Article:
Town of Bethlehem Connecticut
THE BELLAMY-FERRIDAY HOUSE & GARDEN
9 Main Street North, Bethlehem, CT 06751 - 203-266-7596
photo courtesy M. Balash
I-84 East: Take Exit 15 & turn left onto Rte 6 East. Follow for 13 miles to Rte 61 & take left onto Rte 61 North. Follow about 4 miles, House on left after intersection of Routes 61 & 132
I-84 West: Take Exit 17 & follow Rte 64 to Woodbury. Right onto Rte 6. Left onto Rte 61 North. Follow about 4 miles, House on left after the intersection of Routes 61 & 132.
From Rte 202: At the intersection of Routes 202 & 63. South on Rte 63. Follow for about five miles. Right onto Route 61 South, House on right.
Brief History of the Bellamy-Ferriday House & Garden
In 1738 young Joseph Bellamy was called to preach during "winter privileges". Separate "society privileges" were granted in October, 1739. Bellamy was requested to continue as pastor, and so remained until his death in 1790, as the settlers established their own Bethlem Church and school. Doctor Bellamy became a most distinguished author, preacher and teacher, conducting the first theological school in America. Young men lived in the Bellamy home while he grounded them in his brand of scriptural interpretation and preaching methods. Among future leaders who studied there were Aaron Burr, Jonathan Edwards II, and James Morris.
On April 27, 1744, the Reverend Joseph Bellamy, pastor of the First Church of Bethlehem, acquired land in the North Purchase of Woodbury, which was to become the nucleus of his farm and the site of the manse, his residence until his death. In this house, imposing as befitted the home of "The Pope of Litchfield County", Bellamy instructed students in Theology and wrote his great tract, True Religion Delineated.
Rev. Bellamy's son and heir, David, a farmer and legislator more interested in temporal pursuits, embellished the stately though austere house by the addition of the Palladian pavilion on the south front, c. 1790.
The farmstead, with its numerous outbuildings, remained in the Bellamy family and substantially as Joseph had known it until 1860. In 1880 the Hull family of New York introduced the amenities of Victorian country life with the addition of bay windows, veranda and a porte cochere over the Palladian south facade. The Bellamy Place remained a working farm, while the outbuildings increased in number or were modified to accommodate the needs of the day.
Henry McKeen Ferriday purchased the property as a summer home for his family (his wife and then nine year old daughter, Caroline) in 1912. Following the advice of Edson Gage, a prominent proponent of Colonial Revival Architecture, interior plumbing was added. A service wing containing a "modern" kitchen pantry and servants' rooms replaced the wash house, buttery, and wood shed. The carriage shed to the north of the dwelling became a summer kitchen and laundry and the former schoolhouse was relocated to the orchard as a playhouse for Caroline.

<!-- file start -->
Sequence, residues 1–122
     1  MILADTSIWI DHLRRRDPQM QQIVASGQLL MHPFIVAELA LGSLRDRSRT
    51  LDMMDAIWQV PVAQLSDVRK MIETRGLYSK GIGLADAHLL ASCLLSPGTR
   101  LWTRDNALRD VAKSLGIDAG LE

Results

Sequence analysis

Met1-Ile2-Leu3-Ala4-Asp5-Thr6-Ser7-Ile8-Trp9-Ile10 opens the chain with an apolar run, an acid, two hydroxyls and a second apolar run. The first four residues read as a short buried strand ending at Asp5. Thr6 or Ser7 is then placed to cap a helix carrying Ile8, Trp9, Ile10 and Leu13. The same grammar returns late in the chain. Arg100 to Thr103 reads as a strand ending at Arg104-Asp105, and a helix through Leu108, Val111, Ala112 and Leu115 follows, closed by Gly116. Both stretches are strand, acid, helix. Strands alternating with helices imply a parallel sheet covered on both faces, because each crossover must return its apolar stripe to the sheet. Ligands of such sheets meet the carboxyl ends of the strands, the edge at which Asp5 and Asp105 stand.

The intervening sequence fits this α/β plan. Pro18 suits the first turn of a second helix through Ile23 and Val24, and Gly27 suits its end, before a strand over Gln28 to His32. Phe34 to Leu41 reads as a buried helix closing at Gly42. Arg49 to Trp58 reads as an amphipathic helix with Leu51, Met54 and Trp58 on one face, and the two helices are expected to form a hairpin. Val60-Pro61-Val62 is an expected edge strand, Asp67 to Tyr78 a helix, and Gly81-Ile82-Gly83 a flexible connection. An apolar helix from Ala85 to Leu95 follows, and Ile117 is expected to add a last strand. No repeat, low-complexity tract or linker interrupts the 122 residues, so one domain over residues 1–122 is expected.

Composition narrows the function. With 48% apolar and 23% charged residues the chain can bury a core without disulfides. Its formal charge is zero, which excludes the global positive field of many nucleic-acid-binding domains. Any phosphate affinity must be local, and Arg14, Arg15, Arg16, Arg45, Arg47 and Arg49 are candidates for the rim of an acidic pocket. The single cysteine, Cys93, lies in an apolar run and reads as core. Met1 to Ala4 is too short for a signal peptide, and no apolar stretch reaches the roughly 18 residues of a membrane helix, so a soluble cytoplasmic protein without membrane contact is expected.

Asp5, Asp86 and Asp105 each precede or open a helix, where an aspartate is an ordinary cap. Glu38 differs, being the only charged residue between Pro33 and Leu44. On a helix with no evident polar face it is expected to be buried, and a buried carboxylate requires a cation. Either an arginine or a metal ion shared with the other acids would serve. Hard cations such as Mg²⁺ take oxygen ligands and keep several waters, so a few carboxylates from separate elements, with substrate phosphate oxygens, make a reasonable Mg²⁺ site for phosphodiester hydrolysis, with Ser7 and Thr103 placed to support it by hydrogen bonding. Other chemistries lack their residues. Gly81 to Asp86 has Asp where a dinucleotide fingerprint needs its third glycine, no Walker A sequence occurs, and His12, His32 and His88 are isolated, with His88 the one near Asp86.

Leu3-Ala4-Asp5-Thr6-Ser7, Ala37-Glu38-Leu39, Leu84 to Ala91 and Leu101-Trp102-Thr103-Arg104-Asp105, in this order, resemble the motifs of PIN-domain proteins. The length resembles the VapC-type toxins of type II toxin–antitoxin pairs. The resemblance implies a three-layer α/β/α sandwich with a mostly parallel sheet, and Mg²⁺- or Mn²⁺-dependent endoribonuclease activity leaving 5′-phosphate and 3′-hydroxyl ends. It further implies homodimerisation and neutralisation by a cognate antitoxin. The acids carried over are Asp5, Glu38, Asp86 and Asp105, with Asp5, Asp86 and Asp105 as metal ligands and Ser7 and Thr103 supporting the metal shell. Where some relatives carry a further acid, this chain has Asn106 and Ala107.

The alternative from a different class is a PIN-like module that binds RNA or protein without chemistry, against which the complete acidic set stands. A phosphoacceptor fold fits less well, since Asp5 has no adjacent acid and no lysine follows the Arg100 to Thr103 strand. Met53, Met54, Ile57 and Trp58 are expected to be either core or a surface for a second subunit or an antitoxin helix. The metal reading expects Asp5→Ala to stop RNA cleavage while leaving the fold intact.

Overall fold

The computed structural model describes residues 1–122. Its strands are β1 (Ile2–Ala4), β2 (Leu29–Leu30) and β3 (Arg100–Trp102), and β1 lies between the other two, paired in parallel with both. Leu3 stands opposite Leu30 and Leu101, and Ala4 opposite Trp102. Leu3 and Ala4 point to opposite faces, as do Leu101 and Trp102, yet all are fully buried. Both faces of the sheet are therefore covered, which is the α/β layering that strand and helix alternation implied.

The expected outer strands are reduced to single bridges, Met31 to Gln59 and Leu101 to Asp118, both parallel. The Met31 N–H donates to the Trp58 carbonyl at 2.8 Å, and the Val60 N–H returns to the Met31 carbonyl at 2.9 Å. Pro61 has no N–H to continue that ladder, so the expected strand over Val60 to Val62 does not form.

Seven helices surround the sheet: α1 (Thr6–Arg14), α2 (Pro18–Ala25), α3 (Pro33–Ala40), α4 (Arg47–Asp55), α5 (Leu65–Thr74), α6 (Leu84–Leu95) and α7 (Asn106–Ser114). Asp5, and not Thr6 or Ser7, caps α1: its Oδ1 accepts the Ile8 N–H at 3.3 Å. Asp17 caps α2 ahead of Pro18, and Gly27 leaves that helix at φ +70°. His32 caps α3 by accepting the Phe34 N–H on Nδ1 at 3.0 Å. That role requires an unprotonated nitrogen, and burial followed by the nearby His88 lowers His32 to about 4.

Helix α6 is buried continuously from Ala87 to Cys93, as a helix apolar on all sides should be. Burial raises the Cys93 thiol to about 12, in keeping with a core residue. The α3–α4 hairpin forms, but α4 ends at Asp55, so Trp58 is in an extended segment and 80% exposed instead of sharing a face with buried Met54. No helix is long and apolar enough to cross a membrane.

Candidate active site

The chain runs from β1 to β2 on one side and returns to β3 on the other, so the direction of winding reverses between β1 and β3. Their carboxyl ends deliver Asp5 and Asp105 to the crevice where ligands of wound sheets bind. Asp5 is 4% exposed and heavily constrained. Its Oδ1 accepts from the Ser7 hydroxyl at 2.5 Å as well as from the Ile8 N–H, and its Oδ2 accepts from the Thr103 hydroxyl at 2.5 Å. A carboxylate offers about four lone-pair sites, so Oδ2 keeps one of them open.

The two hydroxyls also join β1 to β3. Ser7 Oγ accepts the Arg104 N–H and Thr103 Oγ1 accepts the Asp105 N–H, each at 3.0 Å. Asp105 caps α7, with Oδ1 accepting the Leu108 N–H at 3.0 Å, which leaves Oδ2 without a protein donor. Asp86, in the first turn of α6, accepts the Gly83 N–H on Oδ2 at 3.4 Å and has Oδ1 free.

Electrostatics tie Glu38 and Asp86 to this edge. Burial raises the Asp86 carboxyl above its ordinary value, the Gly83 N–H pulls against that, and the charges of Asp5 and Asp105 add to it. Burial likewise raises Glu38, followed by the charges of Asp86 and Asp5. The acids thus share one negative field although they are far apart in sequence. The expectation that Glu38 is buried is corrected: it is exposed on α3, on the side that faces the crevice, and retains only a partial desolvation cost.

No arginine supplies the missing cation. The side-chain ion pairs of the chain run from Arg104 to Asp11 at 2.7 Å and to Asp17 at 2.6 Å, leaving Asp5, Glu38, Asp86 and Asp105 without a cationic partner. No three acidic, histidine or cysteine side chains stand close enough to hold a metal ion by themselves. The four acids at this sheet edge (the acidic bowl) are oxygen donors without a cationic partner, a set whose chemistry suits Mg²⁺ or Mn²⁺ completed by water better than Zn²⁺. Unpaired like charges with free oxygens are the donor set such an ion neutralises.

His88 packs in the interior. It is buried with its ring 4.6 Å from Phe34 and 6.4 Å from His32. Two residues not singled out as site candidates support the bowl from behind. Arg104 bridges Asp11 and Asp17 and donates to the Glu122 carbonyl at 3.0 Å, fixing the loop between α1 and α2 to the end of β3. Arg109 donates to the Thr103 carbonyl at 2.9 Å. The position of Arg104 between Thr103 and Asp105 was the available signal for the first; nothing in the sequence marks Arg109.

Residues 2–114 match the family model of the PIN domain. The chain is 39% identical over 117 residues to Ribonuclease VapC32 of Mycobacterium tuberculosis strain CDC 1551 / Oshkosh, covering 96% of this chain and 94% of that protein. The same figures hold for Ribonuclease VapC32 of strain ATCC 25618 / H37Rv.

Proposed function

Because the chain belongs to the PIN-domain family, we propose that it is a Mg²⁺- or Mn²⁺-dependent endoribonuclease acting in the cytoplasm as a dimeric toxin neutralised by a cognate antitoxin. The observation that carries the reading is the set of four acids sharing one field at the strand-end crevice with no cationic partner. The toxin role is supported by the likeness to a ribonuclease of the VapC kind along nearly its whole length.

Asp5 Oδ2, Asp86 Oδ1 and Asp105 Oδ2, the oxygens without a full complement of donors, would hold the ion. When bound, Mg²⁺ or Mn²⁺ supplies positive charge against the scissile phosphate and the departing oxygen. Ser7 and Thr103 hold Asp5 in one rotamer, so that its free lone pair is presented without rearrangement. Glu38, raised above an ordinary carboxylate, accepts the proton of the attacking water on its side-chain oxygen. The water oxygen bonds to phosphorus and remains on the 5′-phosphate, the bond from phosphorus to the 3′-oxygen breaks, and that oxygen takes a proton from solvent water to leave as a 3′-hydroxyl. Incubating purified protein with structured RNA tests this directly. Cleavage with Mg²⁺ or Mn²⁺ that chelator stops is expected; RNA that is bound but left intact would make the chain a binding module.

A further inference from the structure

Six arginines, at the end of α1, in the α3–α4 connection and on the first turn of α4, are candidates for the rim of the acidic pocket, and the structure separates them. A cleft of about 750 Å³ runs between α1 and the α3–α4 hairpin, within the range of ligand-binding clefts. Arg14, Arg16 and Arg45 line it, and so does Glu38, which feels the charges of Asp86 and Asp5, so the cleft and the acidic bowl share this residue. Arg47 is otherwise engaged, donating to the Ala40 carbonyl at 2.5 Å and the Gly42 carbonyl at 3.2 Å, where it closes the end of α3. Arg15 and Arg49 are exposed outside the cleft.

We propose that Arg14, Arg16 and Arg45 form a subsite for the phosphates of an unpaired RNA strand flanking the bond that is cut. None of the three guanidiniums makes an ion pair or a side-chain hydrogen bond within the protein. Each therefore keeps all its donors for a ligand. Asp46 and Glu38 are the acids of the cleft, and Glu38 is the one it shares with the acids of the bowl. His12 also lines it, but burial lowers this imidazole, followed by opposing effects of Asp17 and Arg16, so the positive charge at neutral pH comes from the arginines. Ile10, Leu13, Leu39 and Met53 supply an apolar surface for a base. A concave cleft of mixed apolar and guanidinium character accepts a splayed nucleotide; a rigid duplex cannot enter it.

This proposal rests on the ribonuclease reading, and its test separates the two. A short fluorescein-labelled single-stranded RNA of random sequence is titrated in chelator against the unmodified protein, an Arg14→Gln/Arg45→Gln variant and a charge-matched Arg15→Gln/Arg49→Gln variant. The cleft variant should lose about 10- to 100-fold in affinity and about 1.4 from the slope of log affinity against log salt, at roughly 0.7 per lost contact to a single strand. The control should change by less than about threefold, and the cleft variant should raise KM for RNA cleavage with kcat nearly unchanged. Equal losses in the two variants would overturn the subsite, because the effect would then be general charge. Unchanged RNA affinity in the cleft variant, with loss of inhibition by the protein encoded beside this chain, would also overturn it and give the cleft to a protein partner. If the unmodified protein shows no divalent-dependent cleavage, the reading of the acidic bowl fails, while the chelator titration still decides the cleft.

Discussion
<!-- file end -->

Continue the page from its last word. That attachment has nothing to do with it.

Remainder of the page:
After Mr. Ferriday's death in 1914, his widow and daughter continued to summer in Bethlehem and to make improvements to the house and grounds. The porte cochere was replaced by a porch and Caroline's room enlarged to include the bay window which overlooks the formal garden. This garden, begun by Eliza Mitchell Ferriday as the culmination of her planning for the property, was to hold a lifelong interest for both her and her daughter.
Mrs. Ferriday began her reshaping of the acreage around the farmstead by creating sweeping lawns and an evergreen planting to provide privacy from the road. Though farming was still carried on, providing the household with milk, eggs, vegetables and fruit, the meadows to the north of the house reverted to wood lots and the gardens took precedence.
Following the end of World War II and her mother's death in 1953, Caroline Ferriday "realized that I had Bethlehem under my skin. In the midst of the delights of Paris, I would stop to wonder if the rose bugs were under control, or how the new regale lilies were doing."
She began to plan for the future of the property and her interest in Rev. Bellamy led her to "restore" architectural features altered through the years with the help of Frederic Palmer, architect for The Antiquarian and Landmarks Society. In 1969, the south porch was removed to reveal the Bellamy pavilion once more. Greek revival and Victorian mantels were replaced by appropriate eighteenth century examples and the interiors were painted in Williamsburg colors.
Caroline Ferriday continued stewardship of the property, recording its history and that of its furnishings, caring for the garden and its collections of lilacs, old roses, specimen trees and shrubs and herbaceous plants, and noting changes in its form and content. Thus, when the Antiquarian and Landmarks Society received the property by her bequest in 1990, the continuum of its history was preserved by her generosity and foresight.
The interiors of the home are as they were when Miss Ferriday was chatelaine, and reflect her heritage and interests. Family furniture, looking glasses, works of art and ornaments are mingled with a collection of Litchfield County vernacular furnishings chosen with a discerning eye by Miss Ferriday and her mother. These elements are joined in rooms which reflect the appreciation for color, vitality and harmony which characterize the taste of Caroline Woolsey Ferriday.
For more information about tours or to receive a brochure or calendar of events, please call 203-266-7596 or send e-mail to: email@example.com
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